At the start of an important year in athletics – including this summer’s World Championships in London – BBC Sport’s lead commentator Steve Cram is in South Africa mentoring a group of British athletes during a training camp at altitude in Potchefstroom, two hours’ drive from Johannesburg.
On paper a warm-weather training camp sounds like a bit of a jolly, but it’s anything but for the British athletes over here at the minute.
We’ve got the South African football team the Kaiser Chiefs staying in the same accommodation as us and our athletes are definitely doing a lot more than those guys, that’s for sure.
Most athletes are doing two sessions a day plus gym sessions, massage, nutritionist appointments – they are busy days. A meal out with a dessert every once in a while is their idea of a wild night out here in Potchefstroom.
Double sessions bring me on to the discussion of Laura Muir. Laura has had a great start to the season with a British 5,000m record and she is looking great out here in South Africa.
She’s at a really good place in her career but what she doesn’t have yet is a major championship medal.
The European Indoor Championships is a great chance for her and I know there has been some talk about her doubling up over 1,500m and 5,000m, both indoors and outdoors, this season. I am not sure whether Laura has actually said that is what she definitely wants to do, rather she has said the schedule allows it, which is a little bit different.
The very fact that she is talking about it though shows she is obviously not setting her targets low, which is great. You don’t win things by not thinking big. Laura has always struck me as quite quiet but she has never lacked confidence. I’ve seen her train quite a lot over the last few years – she doesn’t have very many easy days.
Training in the bank
To be fair there aren’t many easy days for anyone out here. Our group mainly consists of 800 or 1500m runners, with the likes of Laura Weightman and Kyle Langford also in the group.
This is a crucial time of year for them to get the endurance base that will carry them through the summer. It’s a bit of a departure for us from recent years in that we have come to South Africa rather than Iten in Kenya. Iten is about 8,000 ft, while Potch is more like 4,000ft. Being at a slightly lower altitude means you can do a bit more quality work while still getting the benefit of being at altitude. The food is better too.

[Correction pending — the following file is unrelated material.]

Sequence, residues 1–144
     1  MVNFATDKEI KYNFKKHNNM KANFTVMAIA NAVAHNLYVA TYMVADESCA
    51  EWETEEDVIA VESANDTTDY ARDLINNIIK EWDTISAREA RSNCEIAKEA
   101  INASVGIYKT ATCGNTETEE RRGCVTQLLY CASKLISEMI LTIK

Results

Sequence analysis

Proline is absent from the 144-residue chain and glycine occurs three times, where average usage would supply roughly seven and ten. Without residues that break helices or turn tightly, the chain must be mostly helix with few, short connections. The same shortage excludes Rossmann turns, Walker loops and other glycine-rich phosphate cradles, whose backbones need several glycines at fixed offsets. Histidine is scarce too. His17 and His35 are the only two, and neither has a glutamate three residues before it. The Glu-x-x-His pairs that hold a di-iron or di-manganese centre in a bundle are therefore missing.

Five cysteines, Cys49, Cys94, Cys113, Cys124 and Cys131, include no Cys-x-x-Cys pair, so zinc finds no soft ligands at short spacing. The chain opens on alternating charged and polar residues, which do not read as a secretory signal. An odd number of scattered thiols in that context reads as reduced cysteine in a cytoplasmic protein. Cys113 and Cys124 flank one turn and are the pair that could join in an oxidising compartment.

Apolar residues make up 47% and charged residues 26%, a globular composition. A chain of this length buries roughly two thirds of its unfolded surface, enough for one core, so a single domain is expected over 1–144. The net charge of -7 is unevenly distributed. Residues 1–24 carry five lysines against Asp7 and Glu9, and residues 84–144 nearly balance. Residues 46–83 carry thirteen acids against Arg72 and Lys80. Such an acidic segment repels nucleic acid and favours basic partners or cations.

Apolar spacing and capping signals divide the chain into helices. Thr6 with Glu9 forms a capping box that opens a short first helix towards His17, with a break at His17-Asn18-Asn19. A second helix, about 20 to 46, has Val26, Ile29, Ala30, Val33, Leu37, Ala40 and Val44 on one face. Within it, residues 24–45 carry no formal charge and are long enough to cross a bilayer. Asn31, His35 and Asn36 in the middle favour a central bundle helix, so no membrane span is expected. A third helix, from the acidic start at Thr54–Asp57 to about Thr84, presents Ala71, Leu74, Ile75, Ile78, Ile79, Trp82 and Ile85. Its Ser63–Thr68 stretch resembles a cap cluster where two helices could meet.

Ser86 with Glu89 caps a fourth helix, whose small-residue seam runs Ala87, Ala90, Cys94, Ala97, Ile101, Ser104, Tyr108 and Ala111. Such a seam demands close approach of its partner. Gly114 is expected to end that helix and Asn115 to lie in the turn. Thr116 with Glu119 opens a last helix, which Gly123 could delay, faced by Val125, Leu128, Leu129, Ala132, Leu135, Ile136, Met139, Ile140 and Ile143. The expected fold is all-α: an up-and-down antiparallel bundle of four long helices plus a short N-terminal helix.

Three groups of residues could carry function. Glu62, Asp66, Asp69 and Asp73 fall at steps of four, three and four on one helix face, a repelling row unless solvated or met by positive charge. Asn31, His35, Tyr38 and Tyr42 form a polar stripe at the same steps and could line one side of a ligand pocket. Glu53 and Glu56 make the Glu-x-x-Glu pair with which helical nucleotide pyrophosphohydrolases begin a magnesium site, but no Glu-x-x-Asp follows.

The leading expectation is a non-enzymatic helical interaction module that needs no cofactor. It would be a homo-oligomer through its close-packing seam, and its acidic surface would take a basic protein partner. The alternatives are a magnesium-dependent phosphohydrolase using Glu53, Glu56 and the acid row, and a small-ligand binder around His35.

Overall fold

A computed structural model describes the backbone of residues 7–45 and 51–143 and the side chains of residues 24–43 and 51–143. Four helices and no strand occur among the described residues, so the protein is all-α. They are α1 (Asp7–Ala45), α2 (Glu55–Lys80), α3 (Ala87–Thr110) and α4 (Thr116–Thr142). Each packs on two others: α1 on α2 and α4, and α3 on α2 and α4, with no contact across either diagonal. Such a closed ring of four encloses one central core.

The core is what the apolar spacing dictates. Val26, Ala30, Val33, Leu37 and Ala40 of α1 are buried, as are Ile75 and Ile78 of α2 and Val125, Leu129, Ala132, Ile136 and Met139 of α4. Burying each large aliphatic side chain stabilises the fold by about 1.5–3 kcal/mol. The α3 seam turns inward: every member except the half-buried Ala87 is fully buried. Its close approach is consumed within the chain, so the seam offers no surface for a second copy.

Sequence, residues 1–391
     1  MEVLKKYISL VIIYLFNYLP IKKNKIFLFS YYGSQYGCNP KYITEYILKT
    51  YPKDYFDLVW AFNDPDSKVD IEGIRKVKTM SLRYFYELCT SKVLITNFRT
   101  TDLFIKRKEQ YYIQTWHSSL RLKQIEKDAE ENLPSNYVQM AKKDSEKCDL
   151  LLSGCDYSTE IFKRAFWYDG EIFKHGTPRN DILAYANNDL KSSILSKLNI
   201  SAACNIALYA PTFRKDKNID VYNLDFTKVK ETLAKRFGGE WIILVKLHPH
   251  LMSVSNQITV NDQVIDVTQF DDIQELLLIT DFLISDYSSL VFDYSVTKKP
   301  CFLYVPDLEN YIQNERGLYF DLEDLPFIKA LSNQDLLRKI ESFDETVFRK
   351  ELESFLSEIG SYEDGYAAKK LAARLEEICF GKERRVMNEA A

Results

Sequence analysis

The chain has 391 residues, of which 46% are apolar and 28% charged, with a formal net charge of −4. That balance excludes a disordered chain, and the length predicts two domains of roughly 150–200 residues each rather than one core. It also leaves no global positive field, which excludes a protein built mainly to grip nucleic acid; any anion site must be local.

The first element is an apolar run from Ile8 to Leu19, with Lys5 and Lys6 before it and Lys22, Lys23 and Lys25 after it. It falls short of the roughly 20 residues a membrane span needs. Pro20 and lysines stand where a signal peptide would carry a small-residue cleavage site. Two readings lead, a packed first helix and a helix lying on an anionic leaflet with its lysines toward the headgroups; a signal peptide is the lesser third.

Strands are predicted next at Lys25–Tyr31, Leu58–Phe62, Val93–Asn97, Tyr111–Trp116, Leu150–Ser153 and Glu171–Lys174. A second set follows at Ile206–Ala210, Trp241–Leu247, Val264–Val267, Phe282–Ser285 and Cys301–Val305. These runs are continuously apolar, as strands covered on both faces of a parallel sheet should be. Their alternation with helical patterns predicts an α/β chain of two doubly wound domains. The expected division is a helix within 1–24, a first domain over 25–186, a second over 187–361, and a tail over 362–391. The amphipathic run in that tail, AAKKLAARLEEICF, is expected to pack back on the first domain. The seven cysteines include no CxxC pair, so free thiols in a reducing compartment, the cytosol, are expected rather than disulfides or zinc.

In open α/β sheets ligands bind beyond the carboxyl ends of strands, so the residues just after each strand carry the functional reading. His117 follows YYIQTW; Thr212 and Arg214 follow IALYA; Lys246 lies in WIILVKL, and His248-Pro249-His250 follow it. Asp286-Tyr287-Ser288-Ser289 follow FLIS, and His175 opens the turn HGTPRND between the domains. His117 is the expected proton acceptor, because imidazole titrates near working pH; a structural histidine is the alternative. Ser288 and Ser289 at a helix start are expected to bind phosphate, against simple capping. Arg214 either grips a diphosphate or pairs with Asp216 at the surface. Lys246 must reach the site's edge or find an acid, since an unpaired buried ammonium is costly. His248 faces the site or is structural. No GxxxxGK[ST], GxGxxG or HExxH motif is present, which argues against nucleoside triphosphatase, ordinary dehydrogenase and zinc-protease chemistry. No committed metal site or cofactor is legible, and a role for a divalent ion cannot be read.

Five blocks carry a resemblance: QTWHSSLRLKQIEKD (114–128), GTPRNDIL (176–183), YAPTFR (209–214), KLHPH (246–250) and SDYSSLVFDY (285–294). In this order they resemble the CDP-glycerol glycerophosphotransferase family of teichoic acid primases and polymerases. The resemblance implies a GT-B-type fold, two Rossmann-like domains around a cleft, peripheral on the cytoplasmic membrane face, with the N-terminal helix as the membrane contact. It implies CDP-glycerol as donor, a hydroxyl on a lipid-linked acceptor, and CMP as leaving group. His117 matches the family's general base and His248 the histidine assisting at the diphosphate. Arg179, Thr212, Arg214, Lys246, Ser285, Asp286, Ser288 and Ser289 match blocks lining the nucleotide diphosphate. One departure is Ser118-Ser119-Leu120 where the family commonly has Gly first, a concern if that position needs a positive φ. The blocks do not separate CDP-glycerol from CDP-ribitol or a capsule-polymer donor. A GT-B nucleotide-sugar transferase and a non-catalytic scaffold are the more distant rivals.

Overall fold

The athletes then sleep in altitude tents at night to get that added benefit too. The benefits of altitude are not a new thing to me – I wrote my dissertation about its benefits back in 1981 and I used to use it by training in Colorado during my career – and in many ways the sport is very similar to when I did it.
There is a lot more science behind everything now and the level of support athletes get with a physiologist, physiotherapist, nutritionist etc is very different but in essence running is very straightforward. I trained hard and they train hard.
Athletics in transition
British athletics will have a hard act to follow in the coming years. With Jessica Ennis-Hill having retired and Mo Farah having talked about 2017 being his last track season, we are going to go through a bit of a transition. It’s a big two years or so.
At the World Championships in London we’ll still be talking about the same athletes as the last few years, like Mo and Greg Rutherford, in terms of medals. But in the next couple of years there is a huge opportunity for some of the younger ones to get into the medal mix.
Tom Bosworth is one of those athletes in the race walk. On a broader level I do feel that athletics is in a pretty good place. The work that has been done and is ongoing regarding the drugs issue has given people a bit of an uplift. The issue of performance-enhancing drugs will never go away completely of course but Tom is one of those athletes who has been incentivised by the ban on Russia, who have been a dominant force in the race walks.
After his performance in Rio, where he finished sixth, Tom is now on the highest level of funding and wants to learn how to win a medal in future years. That is not a situation you would have expected for a British race walker a few years ago.
Mo has nothing to worry about
Mo has made a habit of winning at a canter for a number of years now but I wasn’t overly concerned about his defeat at the Great Edinburgh Cross Country. He knew he wasn’t expecting to win but he showed there just why he is a champion – because he cares.
I thought he did a good job. He was 12th at one point and he could have run around at 90% from then on and come 11th. He chose not to and ended seventh. I thought it was really telling that he refused to stop giving it everything. He didn’t know where he was at ahead of Edinburgh – now he knows exactly where he is and what he’s got to do.
The London World Championships might seem a long way from South Africa in mid-January but the hard work starts now…